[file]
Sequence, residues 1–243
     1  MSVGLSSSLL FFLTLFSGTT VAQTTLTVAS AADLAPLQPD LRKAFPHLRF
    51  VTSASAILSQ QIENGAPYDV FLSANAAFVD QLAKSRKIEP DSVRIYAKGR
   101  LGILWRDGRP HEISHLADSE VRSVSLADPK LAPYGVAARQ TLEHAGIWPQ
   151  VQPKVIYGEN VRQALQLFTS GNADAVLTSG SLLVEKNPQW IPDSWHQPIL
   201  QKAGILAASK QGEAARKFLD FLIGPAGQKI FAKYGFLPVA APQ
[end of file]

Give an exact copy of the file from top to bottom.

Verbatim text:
Sequence, residues 1–243
     1  MSVGLSSSLL FFLTLFSGTT VAQTTLTVAS AADLAPLQPD LRKAFPHLRF
    51  VTSASAILSQ QIENGAPYDV FLSANAAFVD QLAKSRKIEP DSVRIYAKGR
   101  LGILWRDGRP HEISHLADSE VRSVSLADPK LAPYGVAARQ TLEHAGIWPQ
   151  VQPKVIYGEN VRQALQLFTS GNADAVLTSG SLLVEKNPQW IPDSWHQPIL
   201  QKAGILAASK QGEAARKFLD FLIGPAGQKI FAKYGFLPVA APQ